dwfl_module_addrdie fails for binaries built with clang++

Mark Wielaard mark@klomp.org
Tue May 9 12:40:00 GMT 2017

On Sat, 2017-05-06 at 13:30 +0200, Milian Wolff wrote:
> On Freitag, 5. Mai 2017 15:06:48 CEST Mark Wielaard wrote:
> > On Thu, 2017-05-04 at 18:05 +0200, Milian Wolff wrote:
> > > I noticed that elfutils fails to handle clang binaries when we want to
> > > find a DIE for a certain address. I.e. dwfl_module_addrdie returns
> > > nullptr, and eu- addr2line fails to resolve inlined frames.
> > >
> > > To reproduce this:
> > >[...]
> > >
> > > This also affects us in our perfparser. Not being able to find a cudie
> > > means not finding inlined frames nor file/line mappings, which is quite a
> > > set-back.
> > > 
> > > I have noticed that backward-cpp contains a (partially) work-around for
> > > this:
> > > 
> > > https://github.com/bombela/backward-cpp/blob/master/backward.hpp#L1216
> > 
> > O urgh how utterly broken (not backward-cpp, but the bogus DWARF clang
> > generates). As that comment says:
> > 
> >         // Sadly clang does not generate the section .debug_aranges,
> >         thus
> >         // dwfl_module_addrdie will fail early. Clang doesn't either set
> >         // the lowpc/highpc/range info for every compilation unit.
> >         //
> >         // So in order to save the world:
> >         // for every compilation unit, we will iterate over every single
> >         // DIEs. Normally functions should have a lowpc/highpc/range, which
> >         // we will use to infer the compilation unit.
> > 
> >         // note that this is probably badly inefficient.
> > 
> > And indeed having to scan through every CU to find a matching function
> > DIE is badly inefficient :{
> But this code comment is relatively old. Are we sure it's really still the 
> case?

If you were able to replicate it then yes.

> > > Is this the right approach and also what the non-eu addr2line does? If so,
> > > can that be added upstream too, such that dwfl_module_addrdie can be
> > > relied on?
> > > 
> > > I've seen it on clang 3.6, 4 and 5. Neither passing -g3 nor
> > > -gdwarf-aranges
> > > helps.
> > 
> > Thanks for reporting this. I think this might be the same issue seen
> > here: https://sourceware.org/bugzilla/show_bug.cgi?id=21247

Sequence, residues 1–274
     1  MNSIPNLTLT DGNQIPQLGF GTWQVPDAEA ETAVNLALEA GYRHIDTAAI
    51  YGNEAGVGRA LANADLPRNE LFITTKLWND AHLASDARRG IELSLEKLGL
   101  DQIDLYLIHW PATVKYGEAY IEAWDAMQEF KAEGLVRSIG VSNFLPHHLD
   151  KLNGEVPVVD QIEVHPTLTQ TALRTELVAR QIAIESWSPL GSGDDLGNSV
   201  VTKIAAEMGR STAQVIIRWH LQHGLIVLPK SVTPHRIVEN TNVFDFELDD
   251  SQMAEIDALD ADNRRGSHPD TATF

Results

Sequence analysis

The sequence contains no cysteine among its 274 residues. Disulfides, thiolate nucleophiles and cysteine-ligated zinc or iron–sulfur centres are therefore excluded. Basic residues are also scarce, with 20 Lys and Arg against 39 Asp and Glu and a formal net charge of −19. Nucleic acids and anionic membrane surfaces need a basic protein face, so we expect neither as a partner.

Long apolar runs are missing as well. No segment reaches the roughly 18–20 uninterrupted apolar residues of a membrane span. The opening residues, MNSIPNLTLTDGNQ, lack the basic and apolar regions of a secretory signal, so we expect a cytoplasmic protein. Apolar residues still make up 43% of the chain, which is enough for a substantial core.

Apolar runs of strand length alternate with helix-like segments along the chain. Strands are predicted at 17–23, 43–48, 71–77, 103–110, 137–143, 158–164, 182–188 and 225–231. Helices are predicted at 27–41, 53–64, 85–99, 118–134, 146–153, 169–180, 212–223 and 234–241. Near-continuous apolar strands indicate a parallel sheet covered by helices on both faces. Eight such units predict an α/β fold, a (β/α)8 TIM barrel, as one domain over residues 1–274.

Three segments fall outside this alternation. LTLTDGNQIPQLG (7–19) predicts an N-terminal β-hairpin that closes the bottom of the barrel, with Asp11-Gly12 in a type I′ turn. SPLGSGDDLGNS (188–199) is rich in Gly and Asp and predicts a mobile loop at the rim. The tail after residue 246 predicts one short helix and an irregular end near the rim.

> > ... or at least it seems related. The function/address not found in that
> > case also comes from a CU generated by clang. It does have a lowpc and
> > ranges, but the lowpc looks bogus (zero) and the ranges don't seem to
> > cover the function in question. So it seems even worse than your example
> > where there are no lowpc/ranges. We cannot even trust them if they are
> > there. Sigh.
> So the situation is different from the comment in backward-cpp...

Only in how the lowpc/ranges were broken. The core issue is that we
cannot rely on the lowpc/ranges (and aranges) being correct for a CU. We
assume the DWARF producer doesn't really feed us garbage, but apparently
clang does :{

> > I have to think about how to handle this. We clearly need something that
> > just ignores the lowpc/highpc/ranges on CUs and parses every CU till the
> > function/address DIE is found to know which CU and line_table to use.
> > But that is so inefficient that I don't want to do that by default.
> So, if this is really that bad - what are the binutils doing - does anyone 
> know?

They scan every CU just in case. Which is terrible for performance. Just
compare binutils addr2line vs elfutils eu-addr2line on a large binary.
e.g. on my local machine (best of 3):

$ time eu-addr2line -e /usr/lib64/firefox/libxul.so 0x0157a892

real	0m0.067s
user	0m0.050s
sys	0m0.017s

$ time addr2line -e /usr/lib64/firefox/libxul.so 0x0157a892

real	0m25.984s
user	0m20.847s
sys	0m4.193s

So we definitely don't want to do what binutils does by default.

Note that the worst case is an address that doesn't match against any
function (e.g. what you might get if an unwind goes wrong). Currently
that is the cheapest case (not covered by any CU, so done). But if we
cannot rely on which addresses are covered by which CU then we have to
scan all of them just to make sure there really isn't a subroutine
description in there that does cover the address. I want to prevent us
having to do that "just in case" and only if we (or the user) knows the
DWARF might come from a bad producer. So I am pondering whether we
should add something like -b, --bad, as command line argument for things
like eu-addr2line, eu-stack, to indicate that we need some workarounds
for bad DWARF. Which then would call something like dwarf_force_aranges
() or something which would setup an aranges table created by explicit
scanning of all CUs.

> Also, if it's really against all your expectations, shouldn't we report 
> this upstream at clang and ask for input there? I can't believe they knowingly 
> break their generated code in such a way. Rather, I believe it's either done 
> unknowingly, or there is some alternative way to interpret the data that we 
> are not aware of?

I think they are aware the DWARF they produce is broken. A quick search
finds lots of bug reports about it. The following two specifically seem
relevant for the above case: https://bugs.llvm.org/show_bug.cgi?id=13351



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